Wylie, I'm not sure where the crossover "from source" terminates but its glad to know that is wired as a crossover cable.

Arron, so I'm safe to rewire 1 and 2 the same as 4-8 since I don't intend on ever using RJ11 connectors anywhere?
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Aaron TomoskyTechnology ConsultantCommented:
Of pull the jack and wire at both ends, cut and reterminate correctly
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Rich RumbleSecurity SamuraiCommented:
Only 1Gb (or more)capable NIC's are able to auto-negotiate a x-over, and only at 1Gb or greater speeds. You can't have a 1Gb capable nic and a 100Mb capable nic and expect the 1Gb to figure out it needs to cross over, it won't work. x-overs are needed for 10/100 connections, even when the switch port is 1Gb capable (but set to 100) and the nic is 1Gb capable, they won't auto-neg x-over.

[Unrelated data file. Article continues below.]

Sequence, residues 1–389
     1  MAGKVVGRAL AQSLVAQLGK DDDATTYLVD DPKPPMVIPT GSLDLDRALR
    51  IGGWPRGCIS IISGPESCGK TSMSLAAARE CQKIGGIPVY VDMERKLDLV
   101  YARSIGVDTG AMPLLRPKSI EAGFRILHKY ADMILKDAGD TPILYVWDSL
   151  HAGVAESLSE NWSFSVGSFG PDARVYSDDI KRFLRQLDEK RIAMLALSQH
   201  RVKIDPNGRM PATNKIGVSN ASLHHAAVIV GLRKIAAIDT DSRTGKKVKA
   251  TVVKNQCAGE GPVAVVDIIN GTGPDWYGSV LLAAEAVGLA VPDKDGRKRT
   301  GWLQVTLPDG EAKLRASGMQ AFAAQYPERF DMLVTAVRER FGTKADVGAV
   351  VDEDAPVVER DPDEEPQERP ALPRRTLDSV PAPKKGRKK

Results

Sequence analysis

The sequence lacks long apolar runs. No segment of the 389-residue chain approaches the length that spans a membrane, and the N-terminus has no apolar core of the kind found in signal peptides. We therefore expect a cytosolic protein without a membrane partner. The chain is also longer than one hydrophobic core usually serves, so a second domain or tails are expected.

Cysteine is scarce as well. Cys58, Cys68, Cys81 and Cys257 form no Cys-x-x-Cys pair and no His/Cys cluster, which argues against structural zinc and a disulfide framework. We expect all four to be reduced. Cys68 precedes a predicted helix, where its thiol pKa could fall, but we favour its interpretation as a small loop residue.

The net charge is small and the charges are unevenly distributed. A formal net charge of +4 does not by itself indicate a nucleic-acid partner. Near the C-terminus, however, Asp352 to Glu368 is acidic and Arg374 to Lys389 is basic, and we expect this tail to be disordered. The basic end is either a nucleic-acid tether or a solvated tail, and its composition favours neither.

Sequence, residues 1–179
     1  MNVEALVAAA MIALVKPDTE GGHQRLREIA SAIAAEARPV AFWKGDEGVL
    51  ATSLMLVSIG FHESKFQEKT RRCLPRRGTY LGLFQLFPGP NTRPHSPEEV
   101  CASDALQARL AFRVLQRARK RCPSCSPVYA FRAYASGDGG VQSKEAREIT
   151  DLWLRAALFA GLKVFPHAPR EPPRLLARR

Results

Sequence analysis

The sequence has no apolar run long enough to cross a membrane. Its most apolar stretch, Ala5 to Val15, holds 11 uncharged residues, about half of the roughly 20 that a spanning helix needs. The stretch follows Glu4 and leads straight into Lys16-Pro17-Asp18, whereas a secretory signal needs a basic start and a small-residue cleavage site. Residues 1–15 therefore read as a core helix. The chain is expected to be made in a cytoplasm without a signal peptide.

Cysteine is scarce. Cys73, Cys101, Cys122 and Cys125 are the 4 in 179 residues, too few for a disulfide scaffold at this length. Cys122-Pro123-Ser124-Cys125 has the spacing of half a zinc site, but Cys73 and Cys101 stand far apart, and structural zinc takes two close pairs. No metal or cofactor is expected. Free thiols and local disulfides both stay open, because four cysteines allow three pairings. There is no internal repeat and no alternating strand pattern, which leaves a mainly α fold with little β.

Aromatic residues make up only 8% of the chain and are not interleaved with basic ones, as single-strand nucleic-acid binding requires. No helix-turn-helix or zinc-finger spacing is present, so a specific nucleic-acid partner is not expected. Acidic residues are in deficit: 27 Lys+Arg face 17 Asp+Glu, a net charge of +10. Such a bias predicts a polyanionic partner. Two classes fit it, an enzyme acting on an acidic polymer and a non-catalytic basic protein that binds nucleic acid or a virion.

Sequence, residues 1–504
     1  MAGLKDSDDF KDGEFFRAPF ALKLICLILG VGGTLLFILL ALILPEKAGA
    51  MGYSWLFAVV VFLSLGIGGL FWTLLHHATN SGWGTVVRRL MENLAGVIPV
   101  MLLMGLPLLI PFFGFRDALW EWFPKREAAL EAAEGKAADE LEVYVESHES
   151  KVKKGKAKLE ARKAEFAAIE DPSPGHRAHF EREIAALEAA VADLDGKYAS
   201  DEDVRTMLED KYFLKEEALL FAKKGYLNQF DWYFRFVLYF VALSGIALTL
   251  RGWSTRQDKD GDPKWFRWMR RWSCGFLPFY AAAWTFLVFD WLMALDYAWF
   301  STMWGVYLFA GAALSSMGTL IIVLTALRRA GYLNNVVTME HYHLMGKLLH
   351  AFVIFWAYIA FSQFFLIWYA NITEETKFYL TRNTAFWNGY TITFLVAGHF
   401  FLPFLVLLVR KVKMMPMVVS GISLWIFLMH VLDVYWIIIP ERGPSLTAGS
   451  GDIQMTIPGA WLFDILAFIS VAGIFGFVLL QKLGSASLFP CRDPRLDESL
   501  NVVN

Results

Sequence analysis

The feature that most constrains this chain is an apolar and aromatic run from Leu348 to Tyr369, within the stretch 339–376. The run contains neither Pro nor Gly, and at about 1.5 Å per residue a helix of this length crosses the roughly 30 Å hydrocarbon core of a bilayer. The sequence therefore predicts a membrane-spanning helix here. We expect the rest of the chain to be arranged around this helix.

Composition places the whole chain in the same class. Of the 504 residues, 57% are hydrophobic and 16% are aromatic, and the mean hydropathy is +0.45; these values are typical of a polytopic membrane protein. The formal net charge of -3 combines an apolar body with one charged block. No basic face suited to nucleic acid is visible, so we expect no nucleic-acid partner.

As stated above the 1Gb+ nic's use all 4 pairs rather than just the 2 pairs that 10/100 use. There are in fact keystones, punchdowns and rj-45 connectors that are designed for Cat5e or Cat6, choose the correct ones.
The Coupler you linked to is for cat5, try the cat6:
http://www.monoprice.com/products/product.asp?c_id=105&cp_id=10519&cs_id=1051903&p_id=7286&seq=1&format=2
-rich
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wyliecoyoteukCommented:
Crossovers are usually used for linking switches or direct links between 2pcs
Most switches autosense crossovers.
NICs may not, but that is only an issue when connecting 2 pcs